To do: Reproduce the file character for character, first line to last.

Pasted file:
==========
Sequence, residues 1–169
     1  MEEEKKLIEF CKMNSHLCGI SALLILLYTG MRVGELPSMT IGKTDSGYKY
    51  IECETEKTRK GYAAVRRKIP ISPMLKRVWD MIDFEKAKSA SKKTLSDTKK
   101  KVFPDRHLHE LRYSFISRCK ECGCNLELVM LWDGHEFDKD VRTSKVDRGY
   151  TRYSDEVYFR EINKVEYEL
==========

Sequence, residues 1–169
     1  MEEEKKLIEF CKMNSHLCGI SALLILLYTG MRVGELPSMT IGKTDSGYKY
    51  IECETEKTRK GYAAVRRKIP ISPMLKRVWD MIDFEKAKSA SKKTLSDTKK
   101  KVFPDRHLHE LRYSFISRCK ECGCNLELVM LWDGHEFDKD VRTSKVDRGY
   151  TRYSDEVYFR EINKVEYEL